What is the power of touch anyway?
Science tells us that a touch triggers the release of brain endorphins: an endogenous analgesic more powerful than heroin or morphine. But touch is more than just a scientific confluence of brain chemicals.
My late grandmother used to tell me that the only way to tame a wild cat was to rub the cat's forehead several times. One day, a relative from the mountain village gave my family a wild female cat. She was small but fierce. Nobody in the house dared to touch her.
Grandma's wisdom compelled me to try. I approached the cat. Initially, she would jump and would bend its body and tail in rage. Meanwhile, a loud, ferocious cry would come out from her vicious mouth. Each time I attempted to touch her, she would run away. Eventually I prevailed. She later gave in and allowed me to rub her forehead: initially, for a few seconds, then for a few minutes.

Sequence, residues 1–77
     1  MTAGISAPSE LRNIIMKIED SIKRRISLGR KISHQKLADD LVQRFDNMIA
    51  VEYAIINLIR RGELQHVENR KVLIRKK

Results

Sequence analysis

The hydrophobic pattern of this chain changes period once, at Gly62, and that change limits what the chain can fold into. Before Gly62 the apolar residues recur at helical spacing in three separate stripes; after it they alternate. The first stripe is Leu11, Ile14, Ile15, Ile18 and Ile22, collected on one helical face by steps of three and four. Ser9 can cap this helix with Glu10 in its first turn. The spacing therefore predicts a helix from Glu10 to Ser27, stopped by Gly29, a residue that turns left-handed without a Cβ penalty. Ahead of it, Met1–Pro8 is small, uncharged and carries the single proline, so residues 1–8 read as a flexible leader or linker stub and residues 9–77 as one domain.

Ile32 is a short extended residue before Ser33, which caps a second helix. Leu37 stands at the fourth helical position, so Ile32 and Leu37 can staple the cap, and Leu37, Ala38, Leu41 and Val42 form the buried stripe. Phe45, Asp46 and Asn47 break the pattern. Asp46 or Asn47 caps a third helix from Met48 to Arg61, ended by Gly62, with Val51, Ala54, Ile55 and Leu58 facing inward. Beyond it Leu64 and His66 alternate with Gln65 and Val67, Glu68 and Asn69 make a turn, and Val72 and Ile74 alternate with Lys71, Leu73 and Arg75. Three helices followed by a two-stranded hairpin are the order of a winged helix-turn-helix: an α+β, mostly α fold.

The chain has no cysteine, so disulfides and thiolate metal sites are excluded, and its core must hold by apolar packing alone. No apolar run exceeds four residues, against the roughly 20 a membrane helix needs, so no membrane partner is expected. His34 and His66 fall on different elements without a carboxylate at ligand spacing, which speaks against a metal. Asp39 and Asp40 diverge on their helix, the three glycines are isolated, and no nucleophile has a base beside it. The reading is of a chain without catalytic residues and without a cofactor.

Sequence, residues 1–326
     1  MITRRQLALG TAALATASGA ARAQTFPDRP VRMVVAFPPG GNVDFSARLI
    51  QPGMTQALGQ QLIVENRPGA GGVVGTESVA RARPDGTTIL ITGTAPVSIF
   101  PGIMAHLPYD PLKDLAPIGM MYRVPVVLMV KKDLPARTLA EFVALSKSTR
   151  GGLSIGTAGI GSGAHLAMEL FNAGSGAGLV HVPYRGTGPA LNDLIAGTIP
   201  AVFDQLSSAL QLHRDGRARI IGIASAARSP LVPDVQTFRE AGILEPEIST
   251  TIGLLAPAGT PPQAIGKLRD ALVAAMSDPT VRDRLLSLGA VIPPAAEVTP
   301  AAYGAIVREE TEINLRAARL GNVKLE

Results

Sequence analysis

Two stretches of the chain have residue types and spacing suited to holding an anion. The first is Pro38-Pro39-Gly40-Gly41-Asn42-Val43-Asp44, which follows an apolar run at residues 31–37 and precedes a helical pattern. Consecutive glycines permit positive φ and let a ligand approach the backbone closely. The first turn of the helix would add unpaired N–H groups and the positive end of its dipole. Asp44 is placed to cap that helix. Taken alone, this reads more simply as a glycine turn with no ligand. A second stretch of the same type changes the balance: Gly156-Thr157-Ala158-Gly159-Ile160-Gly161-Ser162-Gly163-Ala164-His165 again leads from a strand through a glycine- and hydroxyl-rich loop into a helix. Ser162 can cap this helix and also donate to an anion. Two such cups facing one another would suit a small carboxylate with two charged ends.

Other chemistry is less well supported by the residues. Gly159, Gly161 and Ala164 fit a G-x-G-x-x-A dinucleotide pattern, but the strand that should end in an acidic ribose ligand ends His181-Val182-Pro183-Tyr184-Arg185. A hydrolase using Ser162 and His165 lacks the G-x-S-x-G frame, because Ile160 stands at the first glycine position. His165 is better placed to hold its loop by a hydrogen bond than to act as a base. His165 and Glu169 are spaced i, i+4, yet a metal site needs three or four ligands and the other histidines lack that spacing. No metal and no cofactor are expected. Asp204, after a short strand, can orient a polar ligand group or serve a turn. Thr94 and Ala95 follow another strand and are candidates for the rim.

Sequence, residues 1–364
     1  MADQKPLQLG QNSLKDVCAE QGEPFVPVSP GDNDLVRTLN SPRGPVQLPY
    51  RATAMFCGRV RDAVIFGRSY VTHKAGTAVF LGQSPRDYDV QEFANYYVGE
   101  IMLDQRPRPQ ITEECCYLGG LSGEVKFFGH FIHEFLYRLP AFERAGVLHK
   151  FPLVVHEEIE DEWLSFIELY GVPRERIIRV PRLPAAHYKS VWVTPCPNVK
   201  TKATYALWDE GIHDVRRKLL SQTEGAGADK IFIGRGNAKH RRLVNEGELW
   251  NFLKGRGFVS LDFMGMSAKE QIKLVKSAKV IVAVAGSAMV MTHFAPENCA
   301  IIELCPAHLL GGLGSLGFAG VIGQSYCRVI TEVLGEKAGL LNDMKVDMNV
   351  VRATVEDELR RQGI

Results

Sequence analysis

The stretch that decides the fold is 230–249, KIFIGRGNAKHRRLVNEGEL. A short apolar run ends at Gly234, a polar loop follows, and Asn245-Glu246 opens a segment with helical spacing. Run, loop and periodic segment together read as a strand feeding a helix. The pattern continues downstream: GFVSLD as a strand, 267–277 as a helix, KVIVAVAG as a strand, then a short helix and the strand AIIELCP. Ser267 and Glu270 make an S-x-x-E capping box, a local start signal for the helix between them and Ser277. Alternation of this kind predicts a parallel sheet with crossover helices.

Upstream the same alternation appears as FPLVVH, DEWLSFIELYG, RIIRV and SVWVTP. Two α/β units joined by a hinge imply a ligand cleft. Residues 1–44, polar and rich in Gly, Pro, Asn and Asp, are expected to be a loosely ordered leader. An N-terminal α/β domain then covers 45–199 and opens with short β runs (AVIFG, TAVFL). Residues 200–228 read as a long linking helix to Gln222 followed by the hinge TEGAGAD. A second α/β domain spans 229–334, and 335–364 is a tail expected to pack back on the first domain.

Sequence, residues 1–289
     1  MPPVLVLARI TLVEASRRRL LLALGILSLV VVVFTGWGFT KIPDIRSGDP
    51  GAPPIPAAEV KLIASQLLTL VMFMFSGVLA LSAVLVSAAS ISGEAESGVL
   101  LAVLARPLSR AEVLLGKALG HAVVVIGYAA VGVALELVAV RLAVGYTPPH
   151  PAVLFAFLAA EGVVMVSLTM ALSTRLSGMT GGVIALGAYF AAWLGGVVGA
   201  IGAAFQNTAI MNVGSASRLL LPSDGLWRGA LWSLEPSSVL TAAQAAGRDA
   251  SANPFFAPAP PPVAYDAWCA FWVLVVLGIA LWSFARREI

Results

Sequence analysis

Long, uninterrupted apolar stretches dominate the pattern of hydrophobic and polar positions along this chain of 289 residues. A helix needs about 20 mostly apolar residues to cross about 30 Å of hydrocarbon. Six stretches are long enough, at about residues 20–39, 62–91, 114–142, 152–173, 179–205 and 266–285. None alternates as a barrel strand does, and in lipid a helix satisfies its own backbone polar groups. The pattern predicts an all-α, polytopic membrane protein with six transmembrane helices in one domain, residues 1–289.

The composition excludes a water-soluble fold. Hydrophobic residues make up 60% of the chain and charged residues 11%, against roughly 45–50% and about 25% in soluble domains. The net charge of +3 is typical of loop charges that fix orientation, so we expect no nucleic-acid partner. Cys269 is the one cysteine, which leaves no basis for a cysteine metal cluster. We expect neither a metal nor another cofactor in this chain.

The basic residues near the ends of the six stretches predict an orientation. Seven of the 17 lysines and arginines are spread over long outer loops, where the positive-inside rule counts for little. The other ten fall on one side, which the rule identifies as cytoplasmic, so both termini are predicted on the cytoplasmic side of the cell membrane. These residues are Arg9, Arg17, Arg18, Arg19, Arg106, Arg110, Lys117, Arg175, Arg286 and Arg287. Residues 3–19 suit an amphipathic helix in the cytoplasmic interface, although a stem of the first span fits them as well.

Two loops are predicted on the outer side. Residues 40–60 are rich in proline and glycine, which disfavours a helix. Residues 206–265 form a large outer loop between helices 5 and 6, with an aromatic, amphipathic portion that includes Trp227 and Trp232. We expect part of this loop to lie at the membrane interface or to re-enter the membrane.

After a few days, she considerably softened that she would allow me to rub her head almost no end. Eventually she became my pet. We became very close that she would run to meet me when I come from school and would convey a lonely cry when I depart. Yes, like real close friends.
A touch can indeed tame a wild animal. But can it tame and soften a disturbed child? A study shows that children who have not been hugged enough have a tendency to be violent and aggressive compared to those who receive hug more often.
Perhaps, there is more to hug and touch than just release of endorphins.
A touch provides comfort in a freezing night. It makes us feel secure because it unites us with an affectionate, loving, and feeling human being. The warmth it brings is better than the warmth a fireplace can provide.
A touch shields us from the worries of today because of the confidence it brings. Like internet, it allows high-speed access to another soul.